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Old 10-15-2013, 04:08 PM   #3
Terry W.
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Hello Doug
Let me say Thank You for your service. As a veteran what to say Thank You. I work for Lockheed on Mid life extention on P-3 aircraft.
Be safy and Keep your head down
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Old 10-15-2013, 04:41 PM   #4
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Doug -
I would echo JRTJH's concerns and cautions regarding the "short" wheelbase of the Toyota when considering the 3 TT's you are looking at. The TV may have the torque and adequate towing capacity but its shorter wheelbase would give me cause to reconsider using the Toyota to tow any of the TT's you have in mind. As a father of 4 youngsters, I am sure that getting your family from point A to point B as safely as possible would be a major factor in deciding what you want to do.

If you use our forum search function and enter each one of the TT's, you should get some feedback about those bunkhouse models. It is also worth noting that, according to a survey we conducted a couple of years ago, slightly more than 90% of our members indicated that they would purchase another Keystone product. You can draw your own conclusions from that outcome.

Welcome to the forum and I am sure other members will offer their advice and opinions about your TV and the TT's you are considering.
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Old 10-15-2013, 05:56 PM   #5
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First off thank you for your service. Second be sure your family is safe when you travel. I have the 31 bhpr and tow with a F150 ext cab. It tows great but I am close on payload and somewhat close on trailer weight. We love the trailer but I would not want to tow more than the 35 feet of this trailer.
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Old 10-15-2013, 10:22 PM   #6
GACamper
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Originally Posted by JRTJH View Post
Welcome Doug and thank you for your contributions to support our military in Afghanistan.

You say you're considering purchasing a travel trailer to tow with your Sequoia. You're right, it has the power to tow "most any travel trailer" but it does not have the wheelbase or the payload to do that.

As a rule, the formula for deciding how long a trailer a vehicle can tow (without sway/controlability problems) is a 20 foot trailer for the first 110" of wheelbase. Add 1 foot of trailer length for every 4" of additional wheelbase. So, a 122" wheelbase can safely pull a 23' travel trailer.

Many members here have tried to pull longer trailers using suggestions from other members, trying different hitches, rear air bags, different tires on the TV. Most of them have had dismal results in improving towability and controlability with those measures. The only "given" solution is to include a Hensley hitch in your system. Everyone I've talked to and heard from on this forum and on other forums has been satisfied with the controllability provided by the Hensley system. Keep in mind, it costs upwards of $2500.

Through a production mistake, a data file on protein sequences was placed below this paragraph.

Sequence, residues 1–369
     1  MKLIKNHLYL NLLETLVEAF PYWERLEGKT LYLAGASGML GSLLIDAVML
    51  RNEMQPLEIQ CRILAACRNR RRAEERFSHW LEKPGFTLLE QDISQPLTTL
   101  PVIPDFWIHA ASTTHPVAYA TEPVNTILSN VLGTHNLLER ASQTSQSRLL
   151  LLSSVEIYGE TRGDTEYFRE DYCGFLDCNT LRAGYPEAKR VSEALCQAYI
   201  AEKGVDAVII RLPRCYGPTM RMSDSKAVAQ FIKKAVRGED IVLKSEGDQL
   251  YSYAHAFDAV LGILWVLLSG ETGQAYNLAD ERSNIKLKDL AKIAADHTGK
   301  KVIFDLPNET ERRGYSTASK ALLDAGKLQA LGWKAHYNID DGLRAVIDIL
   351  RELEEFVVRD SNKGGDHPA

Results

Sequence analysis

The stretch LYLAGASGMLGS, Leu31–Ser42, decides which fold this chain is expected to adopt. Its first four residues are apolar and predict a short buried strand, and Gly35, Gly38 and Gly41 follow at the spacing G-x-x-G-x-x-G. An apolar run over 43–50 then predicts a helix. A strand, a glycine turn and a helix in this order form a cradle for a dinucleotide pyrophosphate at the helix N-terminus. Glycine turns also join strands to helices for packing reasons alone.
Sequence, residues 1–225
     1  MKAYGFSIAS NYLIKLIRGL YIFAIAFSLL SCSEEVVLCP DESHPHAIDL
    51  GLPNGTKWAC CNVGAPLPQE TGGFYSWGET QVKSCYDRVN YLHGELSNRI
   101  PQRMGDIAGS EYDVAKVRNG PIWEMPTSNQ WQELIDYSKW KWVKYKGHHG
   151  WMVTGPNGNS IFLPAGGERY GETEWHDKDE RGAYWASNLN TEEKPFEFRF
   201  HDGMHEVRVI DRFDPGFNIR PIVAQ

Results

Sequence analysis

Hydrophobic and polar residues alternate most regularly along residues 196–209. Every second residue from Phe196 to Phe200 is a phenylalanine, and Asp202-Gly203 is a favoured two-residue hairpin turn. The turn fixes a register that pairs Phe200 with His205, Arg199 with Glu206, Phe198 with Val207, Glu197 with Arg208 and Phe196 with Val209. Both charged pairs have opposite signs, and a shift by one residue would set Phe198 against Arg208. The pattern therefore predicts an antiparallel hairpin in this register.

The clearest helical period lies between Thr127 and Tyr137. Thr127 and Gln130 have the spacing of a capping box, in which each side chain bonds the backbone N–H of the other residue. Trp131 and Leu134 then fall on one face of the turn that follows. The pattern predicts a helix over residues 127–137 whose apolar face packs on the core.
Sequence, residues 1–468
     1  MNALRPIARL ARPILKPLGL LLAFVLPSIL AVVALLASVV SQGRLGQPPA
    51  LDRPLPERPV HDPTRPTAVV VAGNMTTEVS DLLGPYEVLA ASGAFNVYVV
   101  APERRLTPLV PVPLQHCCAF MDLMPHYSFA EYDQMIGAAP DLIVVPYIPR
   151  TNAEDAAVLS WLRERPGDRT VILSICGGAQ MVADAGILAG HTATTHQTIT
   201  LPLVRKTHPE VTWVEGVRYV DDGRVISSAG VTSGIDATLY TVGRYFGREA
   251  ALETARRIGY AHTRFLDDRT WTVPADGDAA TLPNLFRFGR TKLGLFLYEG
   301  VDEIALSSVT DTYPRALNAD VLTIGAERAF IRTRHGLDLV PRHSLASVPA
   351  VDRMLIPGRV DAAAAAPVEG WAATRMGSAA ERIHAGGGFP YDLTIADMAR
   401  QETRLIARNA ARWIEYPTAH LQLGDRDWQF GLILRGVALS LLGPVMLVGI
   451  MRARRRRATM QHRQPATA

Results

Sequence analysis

Another consideration is the GVW of your Sequoia. With 6 people, some luggage and travel supplies, how much additional weight can you add before you reach your GVW? You will need to consider the hitch, spring bars, trailer tongue weight, propane, battery, water, etc that you will be adding to the RV as part of the GVW on the Sequoia.

As a given suggestion, on any travel trailer you consider, use the trailer GVW to calculate tongue weight. Expect the tongue weight to be between 11% and 15% of the trailer's GVW.

So, if you are looking at a trailer for a 122" wheelbase 2014 Sequoia, with a GVW of 7100 lbs and a vehicle weight of 5730 with a GCW of 13,600 lbs, you are going to be able to carry a payload of about 1370 lbs. If you and your wife weigh about 160 each and the kids weigh 120, 100, 80, 60 (remember they will continue to grow and weigh more each year) the total occupant weight will be 680 lbs. That leaves you 690 lbs for everything else. That's not a "really big, or really long travel trailer. Realistically, most 23' travel trailers that meet the recommendations for your wheelbase will be at the top of the range in tongue weight (when you deduct for the added hitch weight).

So, look cautiously, carefully and with an eye on keeping your tax deductions safe when travelling to see these great sites you want to visit. Being able to get them back home safely is more important than towing a longer travel trailer than your Sequoia is capable of handling safely

AWESOME Advise! Thankyou! I've posted a more detailed question into another thread specifically geared to a few other trailers not expecting to get much in the way of quality advise in this thread. BOY was I mistaken! This is awesome! I'll certainly take this under advisement! WOO-HOO!